Once it was discovered that the mold used in the fermentation of this rice also produced a class of compounds with hypocholesterolemic properties, there has been keen interest in the possible use of red yeast rice as a cholesterol-lowering agent.

The mold used in the fermentation of red yeast rice can synthesize statin-like compounds known as monacolins. Eight such monacolins have been isolated from molds of the Monascus species with monacolin K being the most popular.

Red yeast rice contains monacolin K and this monacolin is quite identical to lovastatin, a popular statin drug prescribed by doctors to help reduce cholesterol levels.

Therefore, red yeast rice lowers cholesterol levels by the same mechanisms as statins.

The monacolins in red yeast rice act on the mevalonate pathway responsible for synthesizing sterols such as cholesterol. Specifically, red yeast rice monacolins inhibit the enzyme, HMG-CoA reductase. Therefore, red yeast rice is an effective and affordable alternative to statin drugs.

The results of studies comparing red yeast rice to statins indicate that

  • Lower doses of red yeast rice are needed to produce the same cholesterol-lowering effects as statins
  • Red yeast rice shares the same side effects as statins but those side effects are milder and occur less frequently with red yeast rice supplementation

In addition, there is strong evidence to indicate that there are other cholesterol-lowering agents in red yeast rice besides the statin-like monacolins.

A good number of studies, including meta-analyses and at least one Cochrane review of the evidence to support the use of this medicinal herb in the treatment of hypercholesterolemia, confirmed that red yeast rice can lower total cholesterol, LDL cholesterol, and triglyceride levels while also increasing the level of HDL cholesterol.

4. Flaxseed

Flaxseed or linseed is a plant crop with very high fiber content. Its use in the manufacturing of linen garments dates back to ancient Egypt.

However, the high fiber content is responsible for its medicinal use as a laxative and also for lowering blood cholesterol levels. Studies show that flaxseed can reduce LDL cholesterol by almost 20% and that its hypocholesterolemic effect is especially useful for postmenopausal women.

When fiber absorbs water, it forms a gel that stimulates increased bowel movement. This means that the dietary fiber in flaxseed reduces the absorption and increases fecal excretion of the contents of the intestines.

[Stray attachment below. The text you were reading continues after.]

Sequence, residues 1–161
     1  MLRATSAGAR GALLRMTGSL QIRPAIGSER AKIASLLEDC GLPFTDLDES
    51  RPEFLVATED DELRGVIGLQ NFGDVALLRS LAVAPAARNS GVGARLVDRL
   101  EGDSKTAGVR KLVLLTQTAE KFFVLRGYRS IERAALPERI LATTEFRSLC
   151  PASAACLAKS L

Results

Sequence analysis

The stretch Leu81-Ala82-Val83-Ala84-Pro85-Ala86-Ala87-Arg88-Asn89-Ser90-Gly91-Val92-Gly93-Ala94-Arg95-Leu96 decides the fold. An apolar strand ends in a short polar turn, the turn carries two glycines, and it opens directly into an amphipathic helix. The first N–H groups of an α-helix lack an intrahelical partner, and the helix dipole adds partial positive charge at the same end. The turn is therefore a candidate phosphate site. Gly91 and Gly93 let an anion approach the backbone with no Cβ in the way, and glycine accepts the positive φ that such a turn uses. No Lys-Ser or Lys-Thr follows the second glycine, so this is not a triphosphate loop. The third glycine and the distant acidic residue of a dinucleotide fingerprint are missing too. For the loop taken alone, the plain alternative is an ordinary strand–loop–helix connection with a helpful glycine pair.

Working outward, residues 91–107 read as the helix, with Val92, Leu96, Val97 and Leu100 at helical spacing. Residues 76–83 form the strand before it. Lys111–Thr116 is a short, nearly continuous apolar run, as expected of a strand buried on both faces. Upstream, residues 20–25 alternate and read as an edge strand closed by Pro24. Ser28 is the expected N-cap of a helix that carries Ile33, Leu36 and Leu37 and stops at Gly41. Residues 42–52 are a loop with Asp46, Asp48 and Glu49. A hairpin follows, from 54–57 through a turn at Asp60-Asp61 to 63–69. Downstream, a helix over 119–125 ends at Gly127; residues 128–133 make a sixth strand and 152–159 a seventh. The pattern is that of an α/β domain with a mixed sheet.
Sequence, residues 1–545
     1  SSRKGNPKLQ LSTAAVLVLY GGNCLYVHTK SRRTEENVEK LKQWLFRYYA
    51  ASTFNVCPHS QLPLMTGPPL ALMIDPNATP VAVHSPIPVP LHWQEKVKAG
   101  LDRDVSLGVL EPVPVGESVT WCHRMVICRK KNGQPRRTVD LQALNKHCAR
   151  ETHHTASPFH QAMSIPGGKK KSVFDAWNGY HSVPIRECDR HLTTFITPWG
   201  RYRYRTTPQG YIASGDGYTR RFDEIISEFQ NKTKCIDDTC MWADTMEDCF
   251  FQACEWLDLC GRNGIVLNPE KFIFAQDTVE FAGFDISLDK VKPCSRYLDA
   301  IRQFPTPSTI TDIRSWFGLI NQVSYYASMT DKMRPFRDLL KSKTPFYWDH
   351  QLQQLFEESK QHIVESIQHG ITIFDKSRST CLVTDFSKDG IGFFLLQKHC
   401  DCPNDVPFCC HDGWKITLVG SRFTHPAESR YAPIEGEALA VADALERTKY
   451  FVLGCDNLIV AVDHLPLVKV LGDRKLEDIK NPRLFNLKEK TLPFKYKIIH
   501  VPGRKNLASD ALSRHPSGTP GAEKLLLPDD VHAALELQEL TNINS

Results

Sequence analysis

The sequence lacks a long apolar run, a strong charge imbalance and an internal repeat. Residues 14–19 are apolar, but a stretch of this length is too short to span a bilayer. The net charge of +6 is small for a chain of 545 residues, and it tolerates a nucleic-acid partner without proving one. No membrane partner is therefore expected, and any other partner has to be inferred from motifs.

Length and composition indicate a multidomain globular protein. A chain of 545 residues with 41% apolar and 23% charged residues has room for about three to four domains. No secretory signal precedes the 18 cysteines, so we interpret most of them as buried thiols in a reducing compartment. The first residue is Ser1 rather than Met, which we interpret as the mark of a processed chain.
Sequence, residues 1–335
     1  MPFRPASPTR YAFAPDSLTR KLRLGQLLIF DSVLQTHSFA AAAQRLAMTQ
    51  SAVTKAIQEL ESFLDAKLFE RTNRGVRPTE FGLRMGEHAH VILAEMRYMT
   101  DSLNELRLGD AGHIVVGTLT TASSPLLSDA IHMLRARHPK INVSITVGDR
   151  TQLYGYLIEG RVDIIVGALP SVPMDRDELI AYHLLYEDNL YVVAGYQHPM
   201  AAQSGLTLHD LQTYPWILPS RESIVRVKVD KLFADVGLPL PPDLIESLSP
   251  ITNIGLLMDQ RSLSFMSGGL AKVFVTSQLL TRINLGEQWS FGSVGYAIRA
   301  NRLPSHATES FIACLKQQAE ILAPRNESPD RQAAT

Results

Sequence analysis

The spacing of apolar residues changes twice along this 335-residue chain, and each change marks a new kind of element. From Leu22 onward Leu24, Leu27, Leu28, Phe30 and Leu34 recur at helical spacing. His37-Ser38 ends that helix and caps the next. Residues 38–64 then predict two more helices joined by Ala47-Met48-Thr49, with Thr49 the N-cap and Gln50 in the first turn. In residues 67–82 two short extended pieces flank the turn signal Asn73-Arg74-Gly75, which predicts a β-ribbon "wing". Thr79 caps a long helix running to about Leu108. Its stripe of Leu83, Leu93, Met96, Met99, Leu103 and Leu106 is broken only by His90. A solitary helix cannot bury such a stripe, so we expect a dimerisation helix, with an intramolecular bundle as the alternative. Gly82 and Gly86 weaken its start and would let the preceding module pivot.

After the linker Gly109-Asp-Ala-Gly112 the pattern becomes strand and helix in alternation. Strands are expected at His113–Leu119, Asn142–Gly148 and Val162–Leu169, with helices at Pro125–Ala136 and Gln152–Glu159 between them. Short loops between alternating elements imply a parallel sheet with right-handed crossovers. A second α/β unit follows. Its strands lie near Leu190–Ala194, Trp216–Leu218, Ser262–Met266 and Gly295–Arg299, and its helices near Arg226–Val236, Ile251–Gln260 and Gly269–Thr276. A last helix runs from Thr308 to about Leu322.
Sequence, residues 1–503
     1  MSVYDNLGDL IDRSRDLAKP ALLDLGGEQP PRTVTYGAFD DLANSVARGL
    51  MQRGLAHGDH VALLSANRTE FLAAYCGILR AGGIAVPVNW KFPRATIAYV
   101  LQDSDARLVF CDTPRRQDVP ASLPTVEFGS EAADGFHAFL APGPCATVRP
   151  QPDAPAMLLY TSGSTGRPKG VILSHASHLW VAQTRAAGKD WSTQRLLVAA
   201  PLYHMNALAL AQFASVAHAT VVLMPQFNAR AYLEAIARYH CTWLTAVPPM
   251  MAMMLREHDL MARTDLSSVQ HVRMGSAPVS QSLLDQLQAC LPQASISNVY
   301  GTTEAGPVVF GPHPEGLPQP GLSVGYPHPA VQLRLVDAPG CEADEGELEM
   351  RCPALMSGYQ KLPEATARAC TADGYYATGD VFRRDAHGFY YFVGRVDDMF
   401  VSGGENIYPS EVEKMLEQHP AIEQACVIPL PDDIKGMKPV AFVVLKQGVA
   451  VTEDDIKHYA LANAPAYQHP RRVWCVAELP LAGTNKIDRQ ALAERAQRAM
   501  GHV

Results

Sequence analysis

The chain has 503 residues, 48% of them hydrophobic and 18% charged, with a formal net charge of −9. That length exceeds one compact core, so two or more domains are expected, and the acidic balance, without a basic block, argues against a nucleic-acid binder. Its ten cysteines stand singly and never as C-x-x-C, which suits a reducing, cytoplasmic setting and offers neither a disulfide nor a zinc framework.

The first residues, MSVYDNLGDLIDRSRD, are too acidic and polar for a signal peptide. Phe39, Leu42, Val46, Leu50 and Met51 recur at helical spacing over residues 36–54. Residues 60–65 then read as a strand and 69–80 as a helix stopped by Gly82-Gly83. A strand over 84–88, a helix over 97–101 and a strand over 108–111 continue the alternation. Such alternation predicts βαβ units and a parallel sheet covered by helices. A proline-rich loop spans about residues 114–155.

Therefore, when flaxseed fiber binds to dietary cholesterol in the intestine, it reduces the amount of cholesterol taken up into systemic circulation.

Besides dietary fiber, other cholesterol-lowering phytochemicals in flaxseed are lignans and omega-3 fatty acids.

Lignans have antioxidant properties. Therefore, they can inhibit the oxidation of LDL cholesterol. Just as importantly, lignans are phytoestrogens and phytoestrogens, such as soy isoflavones, have been shown to reduce cholesterol levels.

The major omega-3 fatty acid in flaxseed is alpha-linolenic acid or ALA. Omega-3 fatty acids have been proven to lower LDL cholesterol levels and raise HDL cholesterol levels in multiple studies.

In one study, researchers showed that ALA speeds up the breakdown of cholesterol in the liver.

In addition, omega-3 fatty acids are good for cardiovascular health.

How Herbs Lower Cholesterol
  • Block the absorption of cholesterol from the intestines
  • Increase the secretion of bile acid and its fecal excretion along with cholesterol
  • Block the production of cholesterol in the liver by inhibiting enzymes in the mevalonate pathway
  • Speed up the breakdown of LDL cholesterol in the liver by increasing the population of certain receptors

Herbs may also reduce the risks of cardiovascular problems by

  • Preventing the oxidation of cholesterol and other lipids
  • Reducing blood pressure
  • Inhibiting the formation of blood clots

5. Green Tea

Green tea is prepared from the slightly oxidized leaves of Camellia sinensis.

Because it undergoes minimal processing, it retains most of its bioactive phytochemicals. Therefore, green tea is regarded as the most healthful tea. It is particularly rich in antioxidants.

The antioxidants in green tea can inhibit the oxidation of LDL cholesterol and reduce the risk of atherosclerosis and other cardiovascular problems. However, green tea offers more specific benefits for people with high cholesterol levels.

Studies have shown that regular consumption of green tea lowers the levels of total cholesterol and LDL cholesterol.